Firmware Friday: Fuji X-T1 gets big AF improvements; Canon 7D II and Nikon P900 bugs are squashed


posted Friday, May 15, 2015 at 7:15 PM EDT



With nothing new to report, Firmware Friday has been on hiatus for the last couple of weeks. Now, it returns in spectacular style with news of a huge update on the way for Fuji X-T1 owners, as well as updates for both the Canon 7D II and Nikon P900 also landing.

We'll start off with Canon and Nikon, given that their updates are already available for download. Firmware version 1.0.4 for the Canon EOS 7D Mark II brings five changes, according to the company, all of them aimed at squashing bugs. Issues in earlier firmware versions included autofocus problems with the EF 70-200mm f/2.8L IS II USM lens at around the 100mm focal length, and a conflict between anti-flicker shooting and the AI Servo AF mode, failure to apply a picture style in Custom Shooting modes. Two further issues said to have been vary rare included incorrect date and time recorded on the first image captured in live view mode, and excessive image noise when the Auto Lighting Optimizer function is enabled. All of these bugs are said to have been addressed in the new version 1.04 firmware, which you can find here.

Next up is firmware version 1.1 for the Nikon Coolpix P900, an ultrazoom camera with a spectacularly far-reaching 83x optical zoom lens. There are but two changes in this new firmware release, both of them relating to automatic switching between the viewfinder and LCD monitor with the camera's eye proximity sensor. In the original v1.0 firmware, the camera would sometimes lock up completely, or simply stop displaying or saving images properly after you brought the viewfinder to your eye, or when you lowered the camera to look at the LCD monitor. With firmware version 1.1 installed -- you can download it here -- neither problem should trouble you any more.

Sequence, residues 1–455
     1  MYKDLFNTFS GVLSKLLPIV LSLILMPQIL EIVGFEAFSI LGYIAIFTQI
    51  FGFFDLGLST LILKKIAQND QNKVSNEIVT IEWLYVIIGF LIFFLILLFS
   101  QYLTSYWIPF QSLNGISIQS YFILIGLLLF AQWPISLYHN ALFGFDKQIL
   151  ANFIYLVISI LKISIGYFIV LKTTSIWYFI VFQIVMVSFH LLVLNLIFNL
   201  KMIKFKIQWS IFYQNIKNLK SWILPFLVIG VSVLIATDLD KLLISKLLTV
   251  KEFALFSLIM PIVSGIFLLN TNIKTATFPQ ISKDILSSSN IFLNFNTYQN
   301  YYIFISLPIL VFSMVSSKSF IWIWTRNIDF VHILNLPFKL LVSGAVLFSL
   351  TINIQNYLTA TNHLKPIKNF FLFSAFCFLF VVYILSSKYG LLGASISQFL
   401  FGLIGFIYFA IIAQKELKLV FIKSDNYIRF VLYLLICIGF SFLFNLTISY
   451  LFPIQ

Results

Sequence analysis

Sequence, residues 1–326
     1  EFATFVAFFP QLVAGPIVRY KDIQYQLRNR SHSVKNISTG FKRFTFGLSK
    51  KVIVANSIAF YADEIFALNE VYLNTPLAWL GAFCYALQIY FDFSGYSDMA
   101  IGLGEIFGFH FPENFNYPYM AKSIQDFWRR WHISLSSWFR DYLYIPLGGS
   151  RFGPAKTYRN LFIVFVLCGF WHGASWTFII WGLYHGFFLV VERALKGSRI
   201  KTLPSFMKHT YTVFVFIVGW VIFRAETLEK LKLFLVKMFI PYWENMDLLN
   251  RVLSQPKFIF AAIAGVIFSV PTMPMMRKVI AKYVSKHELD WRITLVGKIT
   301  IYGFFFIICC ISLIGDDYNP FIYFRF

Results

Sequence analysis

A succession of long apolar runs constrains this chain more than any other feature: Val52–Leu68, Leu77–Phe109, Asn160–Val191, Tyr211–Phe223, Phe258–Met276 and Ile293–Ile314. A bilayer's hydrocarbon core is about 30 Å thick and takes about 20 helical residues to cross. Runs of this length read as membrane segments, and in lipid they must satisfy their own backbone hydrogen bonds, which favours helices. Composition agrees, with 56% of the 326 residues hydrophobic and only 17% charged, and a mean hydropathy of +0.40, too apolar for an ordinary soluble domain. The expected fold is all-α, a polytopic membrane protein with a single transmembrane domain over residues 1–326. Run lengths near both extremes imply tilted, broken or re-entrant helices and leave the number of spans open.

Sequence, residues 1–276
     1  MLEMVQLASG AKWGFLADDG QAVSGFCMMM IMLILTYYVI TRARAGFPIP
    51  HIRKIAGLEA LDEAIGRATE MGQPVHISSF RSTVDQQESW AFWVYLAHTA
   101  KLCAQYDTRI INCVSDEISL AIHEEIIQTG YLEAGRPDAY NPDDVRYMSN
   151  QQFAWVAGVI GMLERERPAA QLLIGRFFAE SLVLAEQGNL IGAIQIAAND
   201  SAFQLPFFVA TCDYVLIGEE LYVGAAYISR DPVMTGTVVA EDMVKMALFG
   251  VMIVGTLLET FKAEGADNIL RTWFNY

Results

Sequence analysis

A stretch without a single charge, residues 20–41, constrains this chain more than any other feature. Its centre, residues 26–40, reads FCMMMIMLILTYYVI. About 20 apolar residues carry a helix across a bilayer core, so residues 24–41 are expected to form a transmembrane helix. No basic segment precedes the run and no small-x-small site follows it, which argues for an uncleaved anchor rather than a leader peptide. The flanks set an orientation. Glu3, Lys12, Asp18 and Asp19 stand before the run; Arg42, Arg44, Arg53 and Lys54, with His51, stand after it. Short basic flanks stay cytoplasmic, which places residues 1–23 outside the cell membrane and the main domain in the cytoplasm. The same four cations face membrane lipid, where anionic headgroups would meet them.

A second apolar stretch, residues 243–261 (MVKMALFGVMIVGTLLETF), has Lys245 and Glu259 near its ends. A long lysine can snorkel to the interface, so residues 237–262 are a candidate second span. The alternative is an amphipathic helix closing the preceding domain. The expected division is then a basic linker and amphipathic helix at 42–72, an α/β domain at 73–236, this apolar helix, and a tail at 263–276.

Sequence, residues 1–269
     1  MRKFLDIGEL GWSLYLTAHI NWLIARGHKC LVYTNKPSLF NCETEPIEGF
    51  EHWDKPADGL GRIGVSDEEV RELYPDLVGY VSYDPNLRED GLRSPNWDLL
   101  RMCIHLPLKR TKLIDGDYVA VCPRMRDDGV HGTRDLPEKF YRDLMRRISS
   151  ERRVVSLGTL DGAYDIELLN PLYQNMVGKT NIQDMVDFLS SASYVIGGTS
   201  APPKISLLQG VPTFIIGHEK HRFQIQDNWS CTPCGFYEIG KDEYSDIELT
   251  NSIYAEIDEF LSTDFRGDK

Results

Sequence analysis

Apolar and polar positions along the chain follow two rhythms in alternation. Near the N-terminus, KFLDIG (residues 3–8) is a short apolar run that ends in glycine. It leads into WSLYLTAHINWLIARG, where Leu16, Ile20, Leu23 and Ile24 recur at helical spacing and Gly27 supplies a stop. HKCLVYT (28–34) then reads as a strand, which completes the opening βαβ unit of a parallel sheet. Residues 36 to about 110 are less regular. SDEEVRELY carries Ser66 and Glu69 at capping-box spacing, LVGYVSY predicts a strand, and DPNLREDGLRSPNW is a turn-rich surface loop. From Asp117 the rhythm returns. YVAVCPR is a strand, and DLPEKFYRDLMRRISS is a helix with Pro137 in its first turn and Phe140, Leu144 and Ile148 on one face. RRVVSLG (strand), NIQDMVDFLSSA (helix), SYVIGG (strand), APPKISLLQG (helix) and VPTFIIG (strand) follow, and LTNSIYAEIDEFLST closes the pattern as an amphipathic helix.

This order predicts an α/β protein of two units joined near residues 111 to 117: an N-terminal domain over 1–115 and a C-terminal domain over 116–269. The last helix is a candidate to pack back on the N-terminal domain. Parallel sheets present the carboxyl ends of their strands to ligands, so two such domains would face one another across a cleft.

And finally, we come to the upcoming version 4.00 firmware update for the Fujifilm X-T1 and X-T1 Graphite Silver. And frankly, just that version number alone should tell you plenty about Fuji's commitment to after-sales service. It's not often that a manufacturer will provide a firmware update significant enough to merit an entirely new version number, let alone more than one of them. There's no question that this is a big update, though, just as was the version 3.00 update released last December.

So what's new in Fuji X-T1 version 4.00? There are a whole raft of changes, no less than 10 of them in total, as follows:

  1. New AF System

    1. New AF system with Zone and Wide/Tracking modes for effortless capture of moving subjects
      The AF System complements the fast and accurate 49-single-point autofocus system with new Zone and Wide/Tracking modes, which use 77 autofocus points across a wider area to substantially improve the camera's ability to capture moving subjects.



        ​The Zone mode allows users to choose a 3x3, 5x3 or 5x5 zone from the 77-point AF area. When combined with the AF-C continuous focusing mode, the camera continues tracking a subject at the center of the selected zone. The 3x3 and 5x3 zones at the center, in particular, offer extra-fast focusing with the use of the built-in phase detection pixels.